Xanim played all 14 of the videos I tried with absolutely no problem.  I tested Quicktime, MPEG, FLI and IFF animation's.  There was little jitter or no obviously skipped frames and the sound was perfectly synchronized with the animation's which came with audio (which, as it turns out, was just the Quicktime files).  Tests were run in both TrueColor and 256 color modes.  Xanim had no problems mapping the full color videos to the lower bit planes.  In fact, it did a better job of doing it than I could using various command line color related options.  By default xanim will loop through the animation indefinitely.  You can change this behavior using command line options.

By supporting dynamic loading of video codecs, Mark has made it easier for end users to add support for any new codecs that might come along.  Now you can simply download the appropriate binary codec from his site, unpack it, and restart xanim.   Recompilation is no longer necessary.  Despite it's apparent visible simplicity, xanim is still the best all around video player for Linux.

Version 2.06

In trying to figure out a topic for this month's Musings, I started to look around for video editing software.  I'd heard a few packages were available, but had never tried any of them.  One package I did run across was a new commercial package (currently freely available as a beta distribution) from a German company called MainConcept.  This package included a video display tool called MainView.
MainView, running an MTV 
sponsored clip of a Garbage 
video for their single "Happy".

MainView is actually an external viewer application to the larger MainActor Video Editing system.  It can, however, be run independently of MainActor.  The interface is even more sparse than xanim's, but doesn't appear as cramped.  Run time options can be accessed through a menu which you can open by right button clicking with your mouse over the animation window.  Options include changing the speed of the animation and various audio options.  Audio, unfortunately, didn't work at all on any of the animation's I tried.  It always played very loud and completely distorted audio.  I ended up turning audio off after testing it on all the files for audio support so I could continue testing video playback.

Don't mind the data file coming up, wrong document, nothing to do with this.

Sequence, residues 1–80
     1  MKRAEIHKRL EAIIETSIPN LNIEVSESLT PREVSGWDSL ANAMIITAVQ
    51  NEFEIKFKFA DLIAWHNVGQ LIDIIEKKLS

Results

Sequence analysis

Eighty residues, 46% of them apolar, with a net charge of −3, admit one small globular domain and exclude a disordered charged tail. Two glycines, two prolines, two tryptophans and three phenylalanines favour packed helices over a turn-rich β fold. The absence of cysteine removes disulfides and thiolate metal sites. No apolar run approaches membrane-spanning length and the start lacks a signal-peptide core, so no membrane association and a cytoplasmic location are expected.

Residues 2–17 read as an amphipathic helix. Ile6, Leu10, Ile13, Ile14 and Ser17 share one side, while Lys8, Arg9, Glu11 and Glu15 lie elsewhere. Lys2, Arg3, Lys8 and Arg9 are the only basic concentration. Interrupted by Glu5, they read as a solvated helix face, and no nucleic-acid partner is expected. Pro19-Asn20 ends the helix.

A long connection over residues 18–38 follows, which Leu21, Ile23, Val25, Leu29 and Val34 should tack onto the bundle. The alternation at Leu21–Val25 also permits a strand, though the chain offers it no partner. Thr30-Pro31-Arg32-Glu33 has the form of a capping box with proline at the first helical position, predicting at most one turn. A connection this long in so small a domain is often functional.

Video support is much better than audio, fortunately.  All 14 of the animation's I tried played flawlessly under a TrueColor display.  When I started MainView the very first time, I noticed that it complained about requiring the XFree86 DGA (Direct Graphics Extension) extension, but still started anyway.  The extension, it turns out, is only needed if you want to run in full screen mode.  As long as you're not trying to do that, the video portion of MainView works fairly well.

One nice feature of MainView is that it remembers the last directory you were in between sessions.  I like this because I can launch MainView from my FVWM2 GoodStuff bar and have it be in a directory where I save animation files.  MainView will start by providing a file browser window from which you can select an animation to view.  It then closes the file browser and starts the video playback window.  There doesn't appear to be a way to return to the file browser, however.  That sure would make it easier to browse through multiple video files without having to restart MainView each time.  MainView also doesn't automatically loop through videos.  In fact, I couldn't find a way from within MainView itself to get a video to loop.  MainActor does allow you to set a repeat count, but not an infinite loop.

The test frame displayed by 
xanim.   The picture here  is
a little less grainy than the
MainView display.

MainView's version of the test frame.  The contrast is a little better